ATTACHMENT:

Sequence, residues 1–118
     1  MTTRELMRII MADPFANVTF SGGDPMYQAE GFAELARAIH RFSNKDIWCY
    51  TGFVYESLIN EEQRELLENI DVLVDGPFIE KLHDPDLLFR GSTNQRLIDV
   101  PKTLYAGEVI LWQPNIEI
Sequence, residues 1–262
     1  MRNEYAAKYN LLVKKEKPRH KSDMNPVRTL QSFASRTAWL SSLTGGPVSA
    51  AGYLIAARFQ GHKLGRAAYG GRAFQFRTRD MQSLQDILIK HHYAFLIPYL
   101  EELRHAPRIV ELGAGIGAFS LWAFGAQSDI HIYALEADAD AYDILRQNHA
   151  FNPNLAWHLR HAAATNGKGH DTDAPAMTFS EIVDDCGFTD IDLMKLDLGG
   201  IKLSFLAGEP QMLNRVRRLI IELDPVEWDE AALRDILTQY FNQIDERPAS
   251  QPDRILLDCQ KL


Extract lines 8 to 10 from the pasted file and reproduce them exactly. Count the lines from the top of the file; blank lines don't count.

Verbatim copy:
   101  EELRHAPRIV ELGAGIGAFS LWAFGAQSDI HIYALEADAD AYDILRQNHA
   151  FNPNLAWHLR HAAATNGKGH DTDAPAMTFS EIVDDCGFTD IDLMKLDLGG
   201  IKLSFLAGEP QMLNRVRRLI IELDPVEWDE AALRDILTQY FNQIDERPAS